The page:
He carved not only a career but an empire
Like none before or since, David Coleman was a man who bestrode his profession
It was not the most complex of catchphrases. Nor was it a saying of great linguistic depth. But during the 1970s, you only had to hear the clipped certainty behind the words "one nil" and you were transported to the side of the pitch, to be instantly there as Allan Clarke put Leeds into the lead, or John Toshack seized the initiative for Liverpool. In a way no one managed before or since, when David Coleman said "one nil", you knew it mattered.
Coleman, who died on Saturday aged 87, was the first giant of television sports reporting in Britain. Not just quick, precise and forensic in his delivery, he was absolutely unimpeachable in his research and background knowledge.
When, as the studio presenter, he presided over the teleprinter in the 'Grandstand' studio as it spewed out the day's football results on a winter Saturday tea time, he did not need communication through his ear piece from a researcher to tell him that was the first time Grimsby Town had lost at home in the league this season, or that Alloa Athletic's three goals at Stenhousemuir signalled their highest away return in 40 matches.
He had already informed the watching audience. This was the master of the arcane.
He was also a man whose range across his medium, from live commentator to quiz master, from compere to interviewer has never been matched. For a whole generation, if it was big and it was on telly, Coleman was there. Like none before or since, he bestrode his profession.
And that is without even mentioning the fashion boundaries he vaulted in those busy jumpers he wore on 'Question of Sport', knitwear that might have embarrassed Gyles Brandreth.
Or, indeed, the Colemanballs. The unwitting progenitor of Private Eye's long-running satirical column poking gentle fun at his calling, the truth is Coleman was not particularly prone to gaffes. Yes, he was the man who said "that's the fastest time ever run -- but it's not as fast as the world record".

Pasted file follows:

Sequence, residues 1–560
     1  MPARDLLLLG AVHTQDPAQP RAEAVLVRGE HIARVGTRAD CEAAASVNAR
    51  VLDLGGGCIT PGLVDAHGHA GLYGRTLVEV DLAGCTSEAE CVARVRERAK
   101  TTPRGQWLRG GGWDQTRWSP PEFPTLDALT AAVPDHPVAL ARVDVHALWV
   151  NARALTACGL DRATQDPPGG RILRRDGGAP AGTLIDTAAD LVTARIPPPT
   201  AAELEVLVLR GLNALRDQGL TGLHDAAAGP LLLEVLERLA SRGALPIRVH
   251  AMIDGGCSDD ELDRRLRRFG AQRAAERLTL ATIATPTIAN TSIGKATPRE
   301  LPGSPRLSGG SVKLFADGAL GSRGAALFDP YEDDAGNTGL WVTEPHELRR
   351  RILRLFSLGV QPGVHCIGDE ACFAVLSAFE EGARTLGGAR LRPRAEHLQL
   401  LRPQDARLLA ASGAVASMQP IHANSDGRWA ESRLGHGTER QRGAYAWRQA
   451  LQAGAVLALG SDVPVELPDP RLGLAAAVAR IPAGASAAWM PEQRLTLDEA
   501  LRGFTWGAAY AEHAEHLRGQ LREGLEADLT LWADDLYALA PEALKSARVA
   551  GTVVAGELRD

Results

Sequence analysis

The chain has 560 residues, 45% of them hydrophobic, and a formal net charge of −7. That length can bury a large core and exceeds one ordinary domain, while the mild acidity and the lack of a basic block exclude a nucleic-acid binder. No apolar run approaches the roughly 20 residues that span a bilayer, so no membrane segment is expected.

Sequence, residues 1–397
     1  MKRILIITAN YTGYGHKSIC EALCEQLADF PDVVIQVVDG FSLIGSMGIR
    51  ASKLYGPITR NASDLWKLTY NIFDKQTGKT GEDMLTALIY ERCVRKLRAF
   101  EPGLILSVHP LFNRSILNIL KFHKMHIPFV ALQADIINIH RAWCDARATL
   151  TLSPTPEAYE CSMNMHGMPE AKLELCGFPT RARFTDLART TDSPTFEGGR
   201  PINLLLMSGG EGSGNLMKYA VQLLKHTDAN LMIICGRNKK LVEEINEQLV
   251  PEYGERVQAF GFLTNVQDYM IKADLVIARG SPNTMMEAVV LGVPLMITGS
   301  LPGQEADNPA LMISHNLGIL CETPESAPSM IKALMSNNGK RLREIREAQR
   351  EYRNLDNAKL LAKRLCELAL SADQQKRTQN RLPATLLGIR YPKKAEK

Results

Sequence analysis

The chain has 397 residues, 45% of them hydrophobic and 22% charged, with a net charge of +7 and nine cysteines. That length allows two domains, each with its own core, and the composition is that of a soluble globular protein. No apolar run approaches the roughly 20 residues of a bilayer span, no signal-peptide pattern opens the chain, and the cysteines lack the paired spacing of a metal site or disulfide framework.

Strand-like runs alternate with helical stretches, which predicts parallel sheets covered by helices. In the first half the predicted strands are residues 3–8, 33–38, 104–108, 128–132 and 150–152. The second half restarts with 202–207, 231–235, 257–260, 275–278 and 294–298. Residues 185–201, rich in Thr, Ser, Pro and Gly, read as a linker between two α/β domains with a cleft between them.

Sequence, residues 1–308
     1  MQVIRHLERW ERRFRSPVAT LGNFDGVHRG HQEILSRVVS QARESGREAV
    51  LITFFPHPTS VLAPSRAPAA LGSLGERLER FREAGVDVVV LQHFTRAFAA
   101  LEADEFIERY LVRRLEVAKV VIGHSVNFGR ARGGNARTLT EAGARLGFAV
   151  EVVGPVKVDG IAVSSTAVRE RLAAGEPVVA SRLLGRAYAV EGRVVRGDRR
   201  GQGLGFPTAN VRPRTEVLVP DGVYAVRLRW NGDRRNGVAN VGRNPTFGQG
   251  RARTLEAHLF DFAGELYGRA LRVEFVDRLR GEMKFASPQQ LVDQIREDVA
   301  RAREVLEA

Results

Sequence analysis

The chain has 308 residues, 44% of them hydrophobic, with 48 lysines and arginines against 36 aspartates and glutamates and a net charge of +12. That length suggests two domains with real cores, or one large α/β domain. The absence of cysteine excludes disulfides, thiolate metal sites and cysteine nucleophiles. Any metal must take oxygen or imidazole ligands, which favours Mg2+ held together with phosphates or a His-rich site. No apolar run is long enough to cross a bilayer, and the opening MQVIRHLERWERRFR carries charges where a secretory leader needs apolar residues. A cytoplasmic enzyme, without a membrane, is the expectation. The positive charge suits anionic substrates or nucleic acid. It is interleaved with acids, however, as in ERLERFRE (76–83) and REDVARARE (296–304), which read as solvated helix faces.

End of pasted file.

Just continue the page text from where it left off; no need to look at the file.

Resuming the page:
And he was responsible for "We estimate, and this isn't an estimation, that Greta Waltz is 80 seconds behind." Not forgetting "for those of you watching on black-and-white sets, Everton are wearing the blue shirts".
But the titular column was not born from any great propensity to verbal stumbling. More, it was evidence of his ubiquity as a broadcaster.
Such was his portfolio, that for 20 years from the early 1970s to the early 1990s if you heard a voice reporting on sport on the telly, the chances are it was Coleman's. His was the name most associated with the delivery of sport.
He first appeared on 'Sportsview' in 1954. A grammar school boy from Cheshire who went straight into newspapers when he left education, he was a decent amateur runner in his youth. When injury precluded his participation in the Olympic trials for the 1952 Games in Helsinki, he successfully persuaded the BBC that he should be reporting on athletics.
It was a bold bit of self-promotion, one which characterised the authority which oozed from his every pronouncement. This was not a man much constrained by self-doubt.